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the Argentine Constitution of 1994
Argentina's Constitution, first drafted in 1853, has been one of the most stable in the world, undergoing little change since a number of major amendments made in 1860. Miller, at vii. The Constitution of 1853 remained at least nominally in force under a number of military regimes that seized power over the course of the 20th century, the only exception being the Peronist Constitution in force between 1949 and 1956. Id. at ix. The Constitution of 1853 and the 1860 amendments were modelled upon the U.S. Constitution, and contained relatively sparsely worded protections of key civil and political rights. Also following the U.S. model, a federal system and a tripartite federal government were established. As indicated in the relevant Chart entries, an amendment in 1957 and the extensive amendments of 1994 introduced a greater emphasis on economic and social rights.
From the mid 1970s to early 1980s, the Argentine military committed widespread and gross violations of human rights in a campaign to destroy support for leftist political views. Domestic prosecution of military leaders and officers was mostly unsucessful in the face of ongoing obstruction from the military. In late 1993, President Menem and former President Alfonsin, who led the first civilian government after the end of military rule in 1982, completed secretive negotiations to support a convention for broad amendment of the constitution. The major changes were adopted in August 1994, upon completion of the convention's deliberations.
Among the 1994 amendments was an extremely unusual provision that purported to incorporate a number of ratified human rights treaties and other human rights instruments into the Argentine Constitution. This provision, in Article 75(22), specified ten instruments and a procedure for elevation of other instruments to constitutional status. These are:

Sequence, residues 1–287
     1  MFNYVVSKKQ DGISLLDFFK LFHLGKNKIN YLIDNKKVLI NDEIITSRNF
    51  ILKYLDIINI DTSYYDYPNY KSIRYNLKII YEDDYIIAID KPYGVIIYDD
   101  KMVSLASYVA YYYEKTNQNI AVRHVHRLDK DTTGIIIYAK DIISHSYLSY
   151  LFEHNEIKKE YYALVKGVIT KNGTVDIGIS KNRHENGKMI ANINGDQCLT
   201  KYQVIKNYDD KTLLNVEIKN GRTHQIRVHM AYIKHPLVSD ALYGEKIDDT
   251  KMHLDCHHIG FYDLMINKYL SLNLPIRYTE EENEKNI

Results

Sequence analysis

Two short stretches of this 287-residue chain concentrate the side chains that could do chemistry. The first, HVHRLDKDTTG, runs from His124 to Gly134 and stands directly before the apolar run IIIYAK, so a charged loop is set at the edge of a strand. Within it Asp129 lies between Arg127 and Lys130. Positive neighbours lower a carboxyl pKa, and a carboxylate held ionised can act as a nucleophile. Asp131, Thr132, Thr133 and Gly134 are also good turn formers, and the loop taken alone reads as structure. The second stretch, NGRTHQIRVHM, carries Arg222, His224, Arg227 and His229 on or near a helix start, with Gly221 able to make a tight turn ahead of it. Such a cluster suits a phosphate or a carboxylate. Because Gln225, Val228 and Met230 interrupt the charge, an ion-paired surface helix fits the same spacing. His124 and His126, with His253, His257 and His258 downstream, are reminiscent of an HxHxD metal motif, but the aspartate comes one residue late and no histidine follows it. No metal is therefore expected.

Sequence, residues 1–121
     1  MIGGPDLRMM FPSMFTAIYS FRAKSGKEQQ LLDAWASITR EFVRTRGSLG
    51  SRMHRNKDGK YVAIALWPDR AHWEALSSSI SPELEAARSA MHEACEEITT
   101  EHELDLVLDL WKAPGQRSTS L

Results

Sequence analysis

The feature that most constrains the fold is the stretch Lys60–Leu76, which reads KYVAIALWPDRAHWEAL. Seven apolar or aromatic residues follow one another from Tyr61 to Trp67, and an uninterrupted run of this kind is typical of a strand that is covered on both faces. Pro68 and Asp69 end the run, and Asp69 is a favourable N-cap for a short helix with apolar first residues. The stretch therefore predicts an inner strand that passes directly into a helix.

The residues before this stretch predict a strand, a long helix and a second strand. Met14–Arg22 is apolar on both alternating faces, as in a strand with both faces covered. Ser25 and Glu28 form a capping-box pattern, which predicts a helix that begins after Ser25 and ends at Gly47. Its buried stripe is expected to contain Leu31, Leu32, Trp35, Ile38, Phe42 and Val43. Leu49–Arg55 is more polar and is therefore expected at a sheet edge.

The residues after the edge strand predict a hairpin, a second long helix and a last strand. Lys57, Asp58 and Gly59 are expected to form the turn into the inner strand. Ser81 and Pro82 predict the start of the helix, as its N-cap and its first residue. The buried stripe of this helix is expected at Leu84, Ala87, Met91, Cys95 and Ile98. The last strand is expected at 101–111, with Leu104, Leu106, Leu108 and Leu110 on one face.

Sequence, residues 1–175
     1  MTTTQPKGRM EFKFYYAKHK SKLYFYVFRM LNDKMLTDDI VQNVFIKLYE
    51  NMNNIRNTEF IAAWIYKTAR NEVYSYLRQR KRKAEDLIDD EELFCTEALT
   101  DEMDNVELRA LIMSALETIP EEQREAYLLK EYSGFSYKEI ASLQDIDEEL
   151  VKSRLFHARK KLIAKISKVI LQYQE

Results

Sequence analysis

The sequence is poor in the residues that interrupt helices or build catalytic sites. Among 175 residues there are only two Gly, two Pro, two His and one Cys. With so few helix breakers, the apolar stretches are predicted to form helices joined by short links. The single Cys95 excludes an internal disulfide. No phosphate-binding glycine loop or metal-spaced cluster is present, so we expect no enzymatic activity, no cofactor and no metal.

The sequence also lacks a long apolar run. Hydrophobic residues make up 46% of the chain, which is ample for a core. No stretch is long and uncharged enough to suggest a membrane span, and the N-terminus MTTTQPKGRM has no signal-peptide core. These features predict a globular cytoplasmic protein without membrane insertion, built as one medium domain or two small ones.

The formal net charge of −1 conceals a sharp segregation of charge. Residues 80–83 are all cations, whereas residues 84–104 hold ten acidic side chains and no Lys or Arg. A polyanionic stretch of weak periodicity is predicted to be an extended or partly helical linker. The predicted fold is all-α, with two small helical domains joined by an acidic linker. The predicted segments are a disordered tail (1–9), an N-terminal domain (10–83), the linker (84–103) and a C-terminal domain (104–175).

Recent scholarship has indicated that this groundbreaking provision was adopted without careful study by the constitutional convention, or a full understanding of its sweeping implications. See Levin, at 314-23. As a result, in the drafting of the provision it seems there was little participation and support from human rights organizations and other sectors of Argentine civil society. As of 1999, the Argentine courts were moving very slowly to implement the constitutionalization of these human rights instruments, in part because of a lack of education among judges regarding principles of international law. Id. at 324-29; but see id. at 337-42. In light of these considerations, the Chart entries for the Argentine Constitution focus upon the rights protections included in the text of the Constituion itself. It must be borne in mind, however, that under Article 75(22) the extensive provisions of the human rights instruments listed above may be expected to have an increasingly direct and pervasive influence on the content and defense of constitutional rights in Argentina.
For information on recent amendments and other important development regarding the Argentins Constitution, see the updated analysis provided by the International Constitutional Law comparative constitutional law web site.